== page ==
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Shipping Container Agreement With Port of Antwerp, Belgium, Moves Iranian Companies Closer To European Market
3 Aug 2016
A trading industry magazine has just reported that another import and export collaboration agreement has been signed between the Port of Antwerp in Belgium and Bandar Abbas on Iran’s Persian Gulf. This will ensure that Iranian companies with interests in trade with Europe will enjoy speedier arrangements for container shipping overseas.
Shahid Rajaee Port Authority controls the port of Bandar Abbas in Iran and they were accompanied by Saeed Nejad from Iran's Ports & Maritime Organisation to progress import and export business opportunities for the Iranian Republic and take expansive Iranian companies closer to Europe.
Terms of this latest of many Memoranda of Understanding mean that the authorities of the two ports will work together to enable companies seeking new markets can more easily collaborate in order to develop trade between the two.
Sea freight collaboration involves the two sides exchanging statistical information to track the nature of imports and exports among other things, as well as any development projects happening at either port. Readers will be interested to learn that there will also be collaboration on training, which means that owners of Iranian companies can benefit from greater expertise of port professionals.
Why Bandar Abbas Is An Attractive Go-To Sea Freight Destination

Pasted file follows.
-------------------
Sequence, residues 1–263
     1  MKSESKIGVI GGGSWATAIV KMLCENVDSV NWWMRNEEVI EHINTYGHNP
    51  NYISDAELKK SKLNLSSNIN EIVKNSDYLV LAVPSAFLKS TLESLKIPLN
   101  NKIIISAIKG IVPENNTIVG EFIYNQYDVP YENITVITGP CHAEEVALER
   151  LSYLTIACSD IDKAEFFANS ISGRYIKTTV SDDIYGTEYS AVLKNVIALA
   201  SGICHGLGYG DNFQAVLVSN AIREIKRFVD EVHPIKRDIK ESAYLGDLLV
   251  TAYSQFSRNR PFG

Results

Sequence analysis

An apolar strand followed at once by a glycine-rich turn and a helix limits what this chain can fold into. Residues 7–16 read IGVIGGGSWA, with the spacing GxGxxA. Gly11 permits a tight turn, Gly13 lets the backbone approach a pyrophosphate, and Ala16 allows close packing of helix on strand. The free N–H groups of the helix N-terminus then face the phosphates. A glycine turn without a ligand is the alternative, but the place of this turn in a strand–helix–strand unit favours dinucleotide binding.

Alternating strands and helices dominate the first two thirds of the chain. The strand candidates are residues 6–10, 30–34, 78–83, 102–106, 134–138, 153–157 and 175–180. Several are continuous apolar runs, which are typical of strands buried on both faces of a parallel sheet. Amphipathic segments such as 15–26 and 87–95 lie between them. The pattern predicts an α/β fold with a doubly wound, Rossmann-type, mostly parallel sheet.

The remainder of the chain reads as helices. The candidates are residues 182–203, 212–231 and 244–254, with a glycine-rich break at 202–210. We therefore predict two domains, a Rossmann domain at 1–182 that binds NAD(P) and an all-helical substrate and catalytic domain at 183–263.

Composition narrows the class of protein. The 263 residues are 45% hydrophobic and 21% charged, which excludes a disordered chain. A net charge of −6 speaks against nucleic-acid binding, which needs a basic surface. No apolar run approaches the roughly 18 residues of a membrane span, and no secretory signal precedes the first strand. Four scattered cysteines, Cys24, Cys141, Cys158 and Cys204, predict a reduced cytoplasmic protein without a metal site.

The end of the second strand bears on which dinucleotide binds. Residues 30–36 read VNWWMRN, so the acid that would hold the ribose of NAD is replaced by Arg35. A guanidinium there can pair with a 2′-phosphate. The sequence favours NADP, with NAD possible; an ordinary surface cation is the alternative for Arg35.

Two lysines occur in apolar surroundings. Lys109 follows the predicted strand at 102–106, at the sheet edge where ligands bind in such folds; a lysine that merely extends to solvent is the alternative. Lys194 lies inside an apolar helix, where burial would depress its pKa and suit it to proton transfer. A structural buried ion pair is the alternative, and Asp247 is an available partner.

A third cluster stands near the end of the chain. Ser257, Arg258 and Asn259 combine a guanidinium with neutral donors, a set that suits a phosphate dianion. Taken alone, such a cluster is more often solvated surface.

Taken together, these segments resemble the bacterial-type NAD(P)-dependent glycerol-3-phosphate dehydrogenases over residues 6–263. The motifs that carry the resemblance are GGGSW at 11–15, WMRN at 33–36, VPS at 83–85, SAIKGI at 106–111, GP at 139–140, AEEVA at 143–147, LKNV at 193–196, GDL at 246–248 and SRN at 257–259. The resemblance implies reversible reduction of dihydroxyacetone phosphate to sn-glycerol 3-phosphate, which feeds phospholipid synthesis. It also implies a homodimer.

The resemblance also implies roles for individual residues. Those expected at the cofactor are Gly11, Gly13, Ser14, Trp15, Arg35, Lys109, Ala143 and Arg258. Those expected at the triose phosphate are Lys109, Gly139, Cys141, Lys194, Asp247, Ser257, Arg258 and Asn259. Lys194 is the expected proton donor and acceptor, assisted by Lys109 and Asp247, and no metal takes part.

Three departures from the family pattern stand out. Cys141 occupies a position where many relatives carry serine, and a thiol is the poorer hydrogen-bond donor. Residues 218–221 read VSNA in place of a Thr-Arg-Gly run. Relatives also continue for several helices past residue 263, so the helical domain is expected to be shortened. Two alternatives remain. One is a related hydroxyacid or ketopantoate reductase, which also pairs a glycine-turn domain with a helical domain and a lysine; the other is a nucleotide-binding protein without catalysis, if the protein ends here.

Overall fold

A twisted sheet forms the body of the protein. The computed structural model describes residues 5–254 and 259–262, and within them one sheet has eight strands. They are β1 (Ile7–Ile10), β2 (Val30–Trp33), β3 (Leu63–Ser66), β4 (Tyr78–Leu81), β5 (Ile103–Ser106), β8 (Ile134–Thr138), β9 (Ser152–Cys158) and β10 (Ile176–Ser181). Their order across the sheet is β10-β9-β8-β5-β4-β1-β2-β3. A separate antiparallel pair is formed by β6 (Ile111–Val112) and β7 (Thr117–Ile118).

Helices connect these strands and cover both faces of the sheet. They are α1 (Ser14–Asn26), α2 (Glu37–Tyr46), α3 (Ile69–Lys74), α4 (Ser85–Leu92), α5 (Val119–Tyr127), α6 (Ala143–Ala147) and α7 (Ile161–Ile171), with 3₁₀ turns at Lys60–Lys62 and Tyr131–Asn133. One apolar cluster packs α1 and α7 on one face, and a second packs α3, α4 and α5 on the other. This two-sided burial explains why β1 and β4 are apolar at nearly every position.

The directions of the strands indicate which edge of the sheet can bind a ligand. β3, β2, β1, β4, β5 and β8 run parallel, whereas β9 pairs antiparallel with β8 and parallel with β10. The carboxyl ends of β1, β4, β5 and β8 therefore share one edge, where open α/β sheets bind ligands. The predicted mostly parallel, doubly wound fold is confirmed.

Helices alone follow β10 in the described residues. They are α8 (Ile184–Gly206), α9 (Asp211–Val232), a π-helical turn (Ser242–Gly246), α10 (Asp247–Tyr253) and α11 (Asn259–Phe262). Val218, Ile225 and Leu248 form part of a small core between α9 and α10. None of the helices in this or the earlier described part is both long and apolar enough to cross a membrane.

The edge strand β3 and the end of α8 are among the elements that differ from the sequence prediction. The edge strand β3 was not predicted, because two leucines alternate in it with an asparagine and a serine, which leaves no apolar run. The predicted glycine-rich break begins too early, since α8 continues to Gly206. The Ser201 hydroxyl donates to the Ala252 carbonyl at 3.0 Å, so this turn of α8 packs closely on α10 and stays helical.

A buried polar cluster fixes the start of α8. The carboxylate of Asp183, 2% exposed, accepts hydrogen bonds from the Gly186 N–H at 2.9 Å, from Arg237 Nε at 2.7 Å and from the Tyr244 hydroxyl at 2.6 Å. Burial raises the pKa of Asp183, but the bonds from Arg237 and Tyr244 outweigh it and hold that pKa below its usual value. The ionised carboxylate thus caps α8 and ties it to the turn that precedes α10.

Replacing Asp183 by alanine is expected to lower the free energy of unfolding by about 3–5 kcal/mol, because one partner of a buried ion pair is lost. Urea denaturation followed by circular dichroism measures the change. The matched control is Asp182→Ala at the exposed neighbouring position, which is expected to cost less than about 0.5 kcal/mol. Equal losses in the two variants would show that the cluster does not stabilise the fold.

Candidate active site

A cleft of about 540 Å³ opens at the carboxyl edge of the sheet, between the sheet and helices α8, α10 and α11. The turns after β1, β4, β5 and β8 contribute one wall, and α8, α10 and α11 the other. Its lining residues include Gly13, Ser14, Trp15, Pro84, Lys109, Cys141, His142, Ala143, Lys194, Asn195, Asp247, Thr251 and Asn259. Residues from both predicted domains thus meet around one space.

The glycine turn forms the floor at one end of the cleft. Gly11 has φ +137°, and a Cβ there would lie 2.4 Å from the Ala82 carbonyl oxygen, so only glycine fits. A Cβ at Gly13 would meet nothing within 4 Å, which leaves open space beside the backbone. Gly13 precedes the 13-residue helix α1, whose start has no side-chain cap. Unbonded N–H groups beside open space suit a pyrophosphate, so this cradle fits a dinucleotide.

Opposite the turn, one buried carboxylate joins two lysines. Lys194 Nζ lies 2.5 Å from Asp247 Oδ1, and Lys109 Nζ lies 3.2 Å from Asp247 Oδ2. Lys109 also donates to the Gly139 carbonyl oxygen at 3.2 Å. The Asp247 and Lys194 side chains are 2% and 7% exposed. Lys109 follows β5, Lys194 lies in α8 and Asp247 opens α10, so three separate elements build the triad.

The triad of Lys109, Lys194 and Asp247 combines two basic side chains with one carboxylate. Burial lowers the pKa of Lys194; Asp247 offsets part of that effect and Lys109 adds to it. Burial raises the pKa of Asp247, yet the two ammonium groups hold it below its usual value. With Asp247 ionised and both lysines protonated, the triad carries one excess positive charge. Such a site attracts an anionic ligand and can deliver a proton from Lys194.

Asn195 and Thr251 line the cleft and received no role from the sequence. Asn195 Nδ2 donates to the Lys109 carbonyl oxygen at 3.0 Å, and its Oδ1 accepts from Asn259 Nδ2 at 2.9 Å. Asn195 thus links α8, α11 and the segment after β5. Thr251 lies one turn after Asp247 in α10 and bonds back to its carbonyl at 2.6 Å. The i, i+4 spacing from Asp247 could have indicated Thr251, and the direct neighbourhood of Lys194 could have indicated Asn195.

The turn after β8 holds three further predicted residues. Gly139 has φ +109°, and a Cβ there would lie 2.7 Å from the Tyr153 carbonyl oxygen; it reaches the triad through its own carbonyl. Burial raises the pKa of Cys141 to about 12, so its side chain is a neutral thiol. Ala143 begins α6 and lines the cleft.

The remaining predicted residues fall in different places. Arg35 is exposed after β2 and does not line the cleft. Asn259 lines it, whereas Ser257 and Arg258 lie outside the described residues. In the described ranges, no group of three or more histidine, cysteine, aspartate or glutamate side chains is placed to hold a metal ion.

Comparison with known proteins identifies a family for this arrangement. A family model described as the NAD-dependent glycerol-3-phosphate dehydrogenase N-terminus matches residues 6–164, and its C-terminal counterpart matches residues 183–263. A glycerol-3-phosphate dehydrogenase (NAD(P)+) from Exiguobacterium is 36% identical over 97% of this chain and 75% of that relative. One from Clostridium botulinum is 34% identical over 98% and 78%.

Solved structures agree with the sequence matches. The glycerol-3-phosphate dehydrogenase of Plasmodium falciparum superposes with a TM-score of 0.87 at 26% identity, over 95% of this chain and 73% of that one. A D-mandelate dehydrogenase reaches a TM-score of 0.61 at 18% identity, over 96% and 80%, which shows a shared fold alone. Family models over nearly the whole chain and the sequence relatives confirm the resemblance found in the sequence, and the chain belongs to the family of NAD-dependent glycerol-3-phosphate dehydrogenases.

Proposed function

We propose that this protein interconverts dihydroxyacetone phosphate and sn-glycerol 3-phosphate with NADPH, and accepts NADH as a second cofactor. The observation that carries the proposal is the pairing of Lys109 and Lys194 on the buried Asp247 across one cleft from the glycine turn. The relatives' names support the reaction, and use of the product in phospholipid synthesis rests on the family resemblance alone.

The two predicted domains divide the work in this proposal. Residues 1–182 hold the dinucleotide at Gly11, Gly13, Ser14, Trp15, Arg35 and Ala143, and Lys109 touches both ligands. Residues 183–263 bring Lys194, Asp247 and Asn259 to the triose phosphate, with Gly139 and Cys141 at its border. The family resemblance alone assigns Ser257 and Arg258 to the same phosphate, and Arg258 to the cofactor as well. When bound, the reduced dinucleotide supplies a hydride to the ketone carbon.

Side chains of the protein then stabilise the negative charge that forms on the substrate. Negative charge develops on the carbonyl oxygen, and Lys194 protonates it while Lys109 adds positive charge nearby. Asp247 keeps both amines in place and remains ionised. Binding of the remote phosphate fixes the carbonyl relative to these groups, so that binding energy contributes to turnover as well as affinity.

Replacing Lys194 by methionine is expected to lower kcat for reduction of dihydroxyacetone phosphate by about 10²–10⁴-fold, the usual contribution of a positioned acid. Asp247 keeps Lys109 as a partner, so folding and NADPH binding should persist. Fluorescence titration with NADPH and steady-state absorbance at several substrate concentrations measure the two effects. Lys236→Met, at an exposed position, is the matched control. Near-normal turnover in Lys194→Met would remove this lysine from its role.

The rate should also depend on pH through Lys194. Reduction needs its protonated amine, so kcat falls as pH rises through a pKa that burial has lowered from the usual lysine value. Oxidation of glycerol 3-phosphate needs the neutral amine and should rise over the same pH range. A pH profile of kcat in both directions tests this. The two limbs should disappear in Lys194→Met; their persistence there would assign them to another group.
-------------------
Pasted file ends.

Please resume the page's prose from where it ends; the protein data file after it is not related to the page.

Bandar Abbas accounts for 90% of the container shipping freight passing through Iran and is a sea freight power house. It manages almost half of the 200m tonnes of sea cargo handled by all 11 Iranian ports managed by Iran’s Ports & Maritime Organisation. This is one of the reasons the White Rose Group have chosen to have offices situated here. It has also been a hub for Iranian sea cargo before sanctions were imposed.
This Antwerp agreement will be in place for five years, at which time it will simply be renewed, all else being the same. Eddy Bruyninckx, Antwerp Port Authority’s signatory was upbeat about what this means: “… Iran, a country with great economic growth potential that is also a gateway to neighbouring countries.” This applies both sides.
Iranian shipping company, Islamic Republic of Iran Shipping Lines (IRISL) has already seen one cargo ship dropping anchor at Antwerp earlier this year and we expect this to be the first of many following arrangements being formalised. Likewise, the White Rose Group expects to see sea freight picking up speed in the opposite direction in the coming months.
In particular, of course, we can expect to see increased exports of oil, given raised output targets. The world renowned business news organisation, Bloomberg, are reporting that they expect Iran to meet these targets, based on current data. With as many as 4 million barrels per day (bpd) being produced in the coming months, a key product moving through Antwerp will be oil.
Increased oil output has been incredibly successful, given it is only six months since the end of sanctions against Iran, a fact acknowledged by Bloomberg. Asian consumers in particular account for much of the exported extra production, but as the west opens up to Iran once more, exporters will have even greater scope to help build Iran’s steadily improving economy.
Bloomberg calls Iran “…the biggest oil market in the world…” and said that official shipping data show Japan, India, South Korea’s and China have all benefitted from an energy boost since the easing of sanctions.
Iranian oil companies and their suppliers can look forward to our “… regaining market share … lost in the region due to the sanctions over (Iran’s) nuclear program,” according to Bloomberg. Iran was formerly OPEC’s second-biggest oil producer previously, so the 25 percent increase so far this year makes a daily output of 4 million barrels by the end of the year entirely possible, which bodes well for the container shipping trade.